Pediatric Specialties — Pediatric Hematology/Oncology
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Research And Education

Pediatric Hematology Oncology Program photo

As an academic medical center, research is core to Stony Brook's mission because it helps to advance the practice of medicine and raises the standard of care in the community.

Pediatric cancer patients at Stony Brook have the advantage of access to a wide range of research and clinical studies, many of which are promising new treatments that one day may be the standard of care All eligible patients are invited to participate in appropriate clinical trials, but there is no obligation that they do so. Approximately two-thirds of our pediatric cancer patients have been enrolled in clinical trials and other investigational therapies. Stony Brook's rate of clinical trial participation is equal to or greater than national statistics.

Research Highlights
Because it is so important to continue improving therapies and developing new treatments for cancer and blood disorders, ongoing research is a priority at the Department of Hematology/Oncology. In addition, we participate in a variety of research projects including:

Basic/Translational Research
These studies investigate the biology of cancer. At Stony Brook, we are:

  • Looking at the unique biological features of an individual’s cancer in order to provide a personalized treatment approach.
  • Using biologic features of one’s cancer to provide better treatment plans.
  • Exploring why novel treatment strategies may work/fail.

We collaborate with other researchers at Stony Brook University Cancer Center on research pertinent to childhood cancers, and adolescent and young adult (AYA) cancers.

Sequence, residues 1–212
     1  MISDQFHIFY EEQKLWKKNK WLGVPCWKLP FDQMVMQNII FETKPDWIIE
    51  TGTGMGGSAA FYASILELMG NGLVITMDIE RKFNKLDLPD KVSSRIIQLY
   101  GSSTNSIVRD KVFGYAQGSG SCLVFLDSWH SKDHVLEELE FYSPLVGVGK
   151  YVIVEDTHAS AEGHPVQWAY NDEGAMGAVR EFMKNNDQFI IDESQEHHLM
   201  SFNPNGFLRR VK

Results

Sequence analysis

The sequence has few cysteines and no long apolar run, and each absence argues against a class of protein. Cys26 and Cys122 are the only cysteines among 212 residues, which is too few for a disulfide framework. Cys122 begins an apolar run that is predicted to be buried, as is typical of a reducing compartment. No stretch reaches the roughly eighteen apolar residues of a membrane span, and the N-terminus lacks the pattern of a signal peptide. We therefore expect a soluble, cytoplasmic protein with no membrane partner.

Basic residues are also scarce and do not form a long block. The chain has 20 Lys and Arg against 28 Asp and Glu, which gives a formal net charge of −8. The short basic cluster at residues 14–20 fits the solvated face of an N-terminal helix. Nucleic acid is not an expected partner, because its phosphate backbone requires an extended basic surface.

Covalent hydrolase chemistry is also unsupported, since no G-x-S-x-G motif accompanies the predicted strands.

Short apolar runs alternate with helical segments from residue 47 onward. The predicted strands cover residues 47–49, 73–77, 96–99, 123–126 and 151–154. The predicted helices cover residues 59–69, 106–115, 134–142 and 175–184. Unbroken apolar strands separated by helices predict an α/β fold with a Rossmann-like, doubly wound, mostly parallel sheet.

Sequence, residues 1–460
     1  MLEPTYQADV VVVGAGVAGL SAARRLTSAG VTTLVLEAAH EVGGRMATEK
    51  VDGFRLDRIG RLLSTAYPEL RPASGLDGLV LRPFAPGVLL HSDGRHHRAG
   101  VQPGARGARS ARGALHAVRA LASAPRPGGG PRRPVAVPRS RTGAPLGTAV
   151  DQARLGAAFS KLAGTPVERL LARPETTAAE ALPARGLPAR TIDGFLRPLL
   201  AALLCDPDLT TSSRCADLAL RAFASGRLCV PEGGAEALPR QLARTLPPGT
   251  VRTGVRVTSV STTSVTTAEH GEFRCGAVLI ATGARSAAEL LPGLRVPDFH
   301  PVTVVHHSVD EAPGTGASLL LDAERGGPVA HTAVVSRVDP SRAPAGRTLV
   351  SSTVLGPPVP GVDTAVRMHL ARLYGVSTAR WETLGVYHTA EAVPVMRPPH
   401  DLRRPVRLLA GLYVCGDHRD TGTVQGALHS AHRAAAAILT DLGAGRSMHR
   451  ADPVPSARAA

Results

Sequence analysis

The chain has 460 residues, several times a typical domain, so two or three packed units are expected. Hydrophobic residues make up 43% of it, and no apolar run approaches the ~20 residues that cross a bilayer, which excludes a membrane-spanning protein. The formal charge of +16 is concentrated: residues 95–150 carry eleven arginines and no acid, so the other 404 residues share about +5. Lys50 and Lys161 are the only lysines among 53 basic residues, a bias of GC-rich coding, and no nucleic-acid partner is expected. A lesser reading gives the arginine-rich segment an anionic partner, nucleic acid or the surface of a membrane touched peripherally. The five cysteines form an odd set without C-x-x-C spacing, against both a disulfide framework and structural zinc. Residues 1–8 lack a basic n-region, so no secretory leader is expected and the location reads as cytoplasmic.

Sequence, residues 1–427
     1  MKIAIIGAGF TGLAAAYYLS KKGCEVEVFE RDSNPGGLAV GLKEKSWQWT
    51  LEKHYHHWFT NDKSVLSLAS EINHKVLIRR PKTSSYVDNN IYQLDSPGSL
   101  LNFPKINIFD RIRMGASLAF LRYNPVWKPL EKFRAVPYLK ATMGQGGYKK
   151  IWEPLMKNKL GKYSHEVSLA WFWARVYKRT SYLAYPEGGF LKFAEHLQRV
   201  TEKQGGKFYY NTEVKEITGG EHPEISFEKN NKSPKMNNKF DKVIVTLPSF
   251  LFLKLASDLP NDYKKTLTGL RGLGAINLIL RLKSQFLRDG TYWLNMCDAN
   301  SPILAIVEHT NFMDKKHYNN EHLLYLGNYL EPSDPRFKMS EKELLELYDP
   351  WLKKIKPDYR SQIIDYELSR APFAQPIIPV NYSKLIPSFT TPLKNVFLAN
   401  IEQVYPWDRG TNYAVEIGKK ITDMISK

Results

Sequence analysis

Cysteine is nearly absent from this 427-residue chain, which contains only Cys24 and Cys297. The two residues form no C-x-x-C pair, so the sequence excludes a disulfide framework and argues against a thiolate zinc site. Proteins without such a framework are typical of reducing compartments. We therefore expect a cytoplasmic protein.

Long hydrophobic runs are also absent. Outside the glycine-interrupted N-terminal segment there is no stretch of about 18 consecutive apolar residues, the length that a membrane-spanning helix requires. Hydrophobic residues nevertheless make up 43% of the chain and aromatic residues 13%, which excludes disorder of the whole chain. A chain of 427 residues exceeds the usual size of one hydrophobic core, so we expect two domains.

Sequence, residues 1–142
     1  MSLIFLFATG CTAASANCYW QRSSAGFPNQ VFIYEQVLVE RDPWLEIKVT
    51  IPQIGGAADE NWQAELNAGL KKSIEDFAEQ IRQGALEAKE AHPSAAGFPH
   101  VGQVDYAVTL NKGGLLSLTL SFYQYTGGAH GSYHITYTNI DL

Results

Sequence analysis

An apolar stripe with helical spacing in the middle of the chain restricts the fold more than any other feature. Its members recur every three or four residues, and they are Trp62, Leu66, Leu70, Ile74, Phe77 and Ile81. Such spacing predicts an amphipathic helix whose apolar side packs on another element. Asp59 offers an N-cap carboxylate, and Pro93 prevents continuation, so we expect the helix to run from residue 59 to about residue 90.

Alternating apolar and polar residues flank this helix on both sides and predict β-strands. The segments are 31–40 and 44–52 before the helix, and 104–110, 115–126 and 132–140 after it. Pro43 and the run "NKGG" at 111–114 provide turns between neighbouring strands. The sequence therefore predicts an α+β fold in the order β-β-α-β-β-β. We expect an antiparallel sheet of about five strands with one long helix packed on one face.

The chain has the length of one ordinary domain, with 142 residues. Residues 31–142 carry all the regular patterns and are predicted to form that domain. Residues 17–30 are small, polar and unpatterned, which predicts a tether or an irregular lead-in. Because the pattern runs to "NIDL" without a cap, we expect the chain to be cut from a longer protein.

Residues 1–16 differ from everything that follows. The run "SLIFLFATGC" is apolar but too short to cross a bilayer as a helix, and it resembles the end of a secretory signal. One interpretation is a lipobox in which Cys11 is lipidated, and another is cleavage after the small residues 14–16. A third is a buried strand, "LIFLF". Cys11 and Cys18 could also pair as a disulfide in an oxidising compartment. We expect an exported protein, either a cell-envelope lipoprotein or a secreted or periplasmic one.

Clinical Treatment Studies
As a full member of the Children’s Oncology Group, Stony Brook physicians have access to the most current cutting-edge cancer treatment clinical protocols that explore treatments to increase cure and reduce unwanted late effects of cancer treatment. In addition to participating in clinical trials on cancer care, we also participate in selected clinical trials on non-malignant blood disorders. 

Late Effect Studies
These studies investigate what happens to the body after a child has completed cancer treatment. Currently we have studies exploring bone health, cardiac function, kidney function, fertility and cognitive/psychological outcomes after treatment.

Education Highlights
By facilitating medical education, Stony Brook remains on the leading edge of medicine, continually invigorating its program with fresh viewpoints, a lively exchange of ideas, and the region's next generation of top doctors. Currently both medical students and pediatric residents participate in rotations through the department.